Monday, July 14, 2008
What’s that old saying –there are two things in life that are certain – death and taxes? Well, they may say there are two, but certainly a third should be added to the list. Because no matter how hard we try, and no matter how many dollars we may be willing to pay to avoid it –it’s inevitable that we will all age. After all, more than 36 million living Americans have been doing it for more than 65 years, and with the aging of the baby boomer, twice as many people will reach senior status within the next 25 years. The good news is the aging process doesn’t have to be as gloomy as paying taxes. In fact, there are many advantages to aging, and Trident Senior Health Center’s geriatric physician, Dr. Mark Meiler, who also sees patients at Trident Medical and Summerville Medical Centers, makes it his priority to provide his patients every opportunity to make the most of their senior years. “As a geriatrician, my job is not only to prolong life, but to prolong a quality life, where independence is enjoyed as long as possible. There are medical advances, as well as personal choices, that can be made to delay and compact all serious illnesses into the final stage of life.” According to Dr. Meiler, a physician since 1972 who began practicing geriatrics in the late 80’s, “there are five “I’s” that indicate the most bothersome effects of aging: Immobility; Incompetence; Incontinence; Inability to maintain homeostasis – or adapt; and loss of Independence. Dr. Meiler’s goal is to promote and facilitate the four “A’s” that hold the keys to healthy aging. They include being: active; adaptable; accountable for one’s own health and an active consumer. “With the fastest growing age group of Americans being 85 and older, it is important that people get involved in their own health and begin seeing a physician early, for preventative measures,” explains Dr. Meiler. “Activity – both physical and mental—is also imperative. Immobility arises from the lack of using muscles – whether they are in the legs or the brain. The old saying ‘what you don’t use, you lose,’ is absolutely true, which is why I encourage seniors to take regular walks and get involved in swimming and fitness programs, like those offered through Trident Health Stystem’s H2U program.” Reading the paper daily, doing crossword puzzles and playing bridge with friends are all activities Dr. Meiler recommends for keeping the brain sharp, and as a special note to the younger generations, Dr. Meiler points out that studies indicate those with a higher level of education, experience less problems with dementia later in life – a good reason to make education a priority. Dr. Meiler also advises that social activities are very important for extended wellbeing. “Social interaction fosters good health.” He points out that when people eat by themselves, they don’t eat as much or as nutritiously and those who do not experience regular sensory stimulation, are more likely to become isolated -- a factor associated with declining health. “In an effort to promote healthy aging, Trident Health System’s H2U program offers both good nutritional information and a great social atmosphere with their regularly held social activities specifically geared for people 50 and older.” With four diseases topping the list of healthcare concerns for aging adults, Dr. Meiler offers some preventative tips. “With cardiovascular disease as the leading cause of death and the most expensive diagnosis of all illnesses in the United States – eating up approximately one third of all Medicare funds – I urge patients to have regular blood pressure, cholesterol and diabetes screenings.” Cancer is the second leading threat. “For women, lung, breast and colon cancer are the top three, and although more women are diagnosed with breast cancer, more will die from lung cancer. For men, lung, colon and prostrate cancer top the list, which is why I discourage smoking and encourage regular breast, colon and prostate cancer screenings.” Infectious disease is another concern for the elderly. In fact, according to the Centers for Disease Control and Prevention, approximately 36,000 people 65 or older die each year of influenza and invasive pnemoccocal disease. “An annual flu shot and at least one pneumonia vaccination are very important after age 65,” explains Dr. Meiler. The fourth concern for the elderly is dementia. “Many would be shocked to know that 50 percent of people 85 and older have some stage of Alzheimer’s disease,” states Dr. Meiler. “And 20 percent of those 75 and older are affected by it.” The good news is, although aging may be inevitable, with modern medicine and continuous preventative measures, poor health no longer needs to be an inevitable associated with aging. In fact, approximately 60,000 United States citizens are loving life at more than 100 years of age–sharing their wealth of experiences and knowledge with those who are younger and, as some may say, less enviable. For more information or to schedule an appointment with Dr. Meiler, call Trident Senior Health Center at (843) 797-0416.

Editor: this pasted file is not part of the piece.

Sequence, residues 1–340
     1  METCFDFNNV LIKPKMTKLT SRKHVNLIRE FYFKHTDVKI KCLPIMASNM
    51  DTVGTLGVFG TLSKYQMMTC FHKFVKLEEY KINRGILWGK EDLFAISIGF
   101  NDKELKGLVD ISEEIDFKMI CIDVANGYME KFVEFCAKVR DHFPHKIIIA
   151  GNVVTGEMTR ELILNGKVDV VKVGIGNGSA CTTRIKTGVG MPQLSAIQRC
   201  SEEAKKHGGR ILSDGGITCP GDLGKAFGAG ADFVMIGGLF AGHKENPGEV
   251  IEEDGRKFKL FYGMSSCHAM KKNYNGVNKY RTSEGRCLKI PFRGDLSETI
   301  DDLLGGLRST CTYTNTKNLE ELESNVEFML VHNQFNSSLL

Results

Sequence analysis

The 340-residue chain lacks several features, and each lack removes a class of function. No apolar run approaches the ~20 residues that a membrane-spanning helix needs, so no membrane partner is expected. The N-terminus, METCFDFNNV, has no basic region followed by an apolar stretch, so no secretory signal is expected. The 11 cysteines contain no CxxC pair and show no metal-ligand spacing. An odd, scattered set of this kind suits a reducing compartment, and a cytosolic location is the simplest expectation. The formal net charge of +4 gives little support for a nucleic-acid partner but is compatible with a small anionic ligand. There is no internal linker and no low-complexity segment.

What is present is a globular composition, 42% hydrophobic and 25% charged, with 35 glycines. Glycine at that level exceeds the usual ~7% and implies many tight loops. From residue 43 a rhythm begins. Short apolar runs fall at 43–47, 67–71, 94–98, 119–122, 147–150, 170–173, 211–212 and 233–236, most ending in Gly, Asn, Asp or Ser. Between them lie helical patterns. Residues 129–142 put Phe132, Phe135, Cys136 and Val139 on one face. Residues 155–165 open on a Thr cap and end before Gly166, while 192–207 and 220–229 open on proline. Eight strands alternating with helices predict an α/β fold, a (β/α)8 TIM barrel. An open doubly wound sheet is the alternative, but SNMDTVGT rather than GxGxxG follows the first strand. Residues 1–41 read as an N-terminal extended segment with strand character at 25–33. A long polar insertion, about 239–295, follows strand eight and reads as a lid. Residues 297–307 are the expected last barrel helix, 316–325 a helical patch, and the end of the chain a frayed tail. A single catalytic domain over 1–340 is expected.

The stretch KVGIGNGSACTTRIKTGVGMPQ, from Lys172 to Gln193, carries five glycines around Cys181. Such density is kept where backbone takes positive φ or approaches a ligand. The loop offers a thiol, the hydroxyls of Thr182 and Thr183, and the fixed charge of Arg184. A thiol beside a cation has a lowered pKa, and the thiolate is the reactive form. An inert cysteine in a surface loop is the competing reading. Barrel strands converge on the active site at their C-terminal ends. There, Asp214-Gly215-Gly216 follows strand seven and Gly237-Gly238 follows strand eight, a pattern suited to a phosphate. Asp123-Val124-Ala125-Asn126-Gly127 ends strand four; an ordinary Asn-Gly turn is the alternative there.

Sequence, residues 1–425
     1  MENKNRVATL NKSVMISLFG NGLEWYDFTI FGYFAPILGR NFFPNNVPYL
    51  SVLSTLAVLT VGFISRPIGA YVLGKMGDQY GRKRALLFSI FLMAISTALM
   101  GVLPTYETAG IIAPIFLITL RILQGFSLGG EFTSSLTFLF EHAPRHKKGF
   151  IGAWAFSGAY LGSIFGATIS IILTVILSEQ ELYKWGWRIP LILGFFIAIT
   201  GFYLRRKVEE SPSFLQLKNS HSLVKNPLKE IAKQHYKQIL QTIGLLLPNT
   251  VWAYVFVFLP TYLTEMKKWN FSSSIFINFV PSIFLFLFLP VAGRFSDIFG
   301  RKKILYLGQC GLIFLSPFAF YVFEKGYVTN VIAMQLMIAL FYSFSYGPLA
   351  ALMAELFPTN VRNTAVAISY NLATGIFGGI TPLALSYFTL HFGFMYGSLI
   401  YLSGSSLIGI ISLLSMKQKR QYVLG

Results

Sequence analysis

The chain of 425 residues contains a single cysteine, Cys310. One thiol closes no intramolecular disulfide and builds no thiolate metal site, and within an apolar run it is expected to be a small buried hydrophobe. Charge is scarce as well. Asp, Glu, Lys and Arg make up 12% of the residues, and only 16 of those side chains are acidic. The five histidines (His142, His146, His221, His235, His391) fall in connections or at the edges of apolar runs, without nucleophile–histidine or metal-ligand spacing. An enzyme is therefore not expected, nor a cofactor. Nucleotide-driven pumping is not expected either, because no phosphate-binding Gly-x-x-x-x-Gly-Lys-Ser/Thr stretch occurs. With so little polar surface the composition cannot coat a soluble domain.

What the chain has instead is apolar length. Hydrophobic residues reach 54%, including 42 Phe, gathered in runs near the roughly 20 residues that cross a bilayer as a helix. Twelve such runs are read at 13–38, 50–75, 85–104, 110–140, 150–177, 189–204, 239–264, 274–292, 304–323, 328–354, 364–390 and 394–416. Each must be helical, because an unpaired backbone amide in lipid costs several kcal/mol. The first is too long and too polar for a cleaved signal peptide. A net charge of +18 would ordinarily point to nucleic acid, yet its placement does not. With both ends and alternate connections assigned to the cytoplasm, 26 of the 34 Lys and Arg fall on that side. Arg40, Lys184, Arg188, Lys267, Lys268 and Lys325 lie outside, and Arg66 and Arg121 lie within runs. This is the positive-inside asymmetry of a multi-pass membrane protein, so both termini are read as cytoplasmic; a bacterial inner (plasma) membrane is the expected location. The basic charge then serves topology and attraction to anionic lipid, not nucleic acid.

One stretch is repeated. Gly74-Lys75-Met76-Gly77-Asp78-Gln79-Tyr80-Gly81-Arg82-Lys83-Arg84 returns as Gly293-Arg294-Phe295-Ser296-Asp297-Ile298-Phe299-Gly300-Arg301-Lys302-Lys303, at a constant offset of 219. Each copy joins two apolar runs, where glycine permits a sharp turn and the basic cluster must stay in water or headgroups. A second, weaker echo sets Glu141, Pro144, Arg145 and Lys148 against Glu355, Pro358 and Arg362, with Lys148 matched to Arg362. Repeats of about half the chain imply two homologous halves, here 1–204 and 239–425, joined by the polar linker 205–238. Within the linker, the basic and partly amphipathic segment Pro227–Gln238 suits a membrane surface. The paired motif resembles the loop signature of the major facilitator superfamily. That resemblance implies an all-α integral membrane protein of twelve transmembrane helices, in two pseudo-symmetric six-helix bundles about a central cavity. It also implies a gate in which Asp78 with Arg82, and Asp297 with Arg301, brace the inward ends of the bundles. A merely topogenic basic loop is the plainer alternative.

The Journal Scene is pleased to offer readers the enhanced ability to comment on stories. We expect our readers to engage in lively, yet civil discourse. We do not edit user submitted statements and we cannot promise that readers will not occasionally find offensive or inaccurate comments posted in the comments area. Responsibility for the statements posted lies with the person submitting the comment, not The Journal Scene.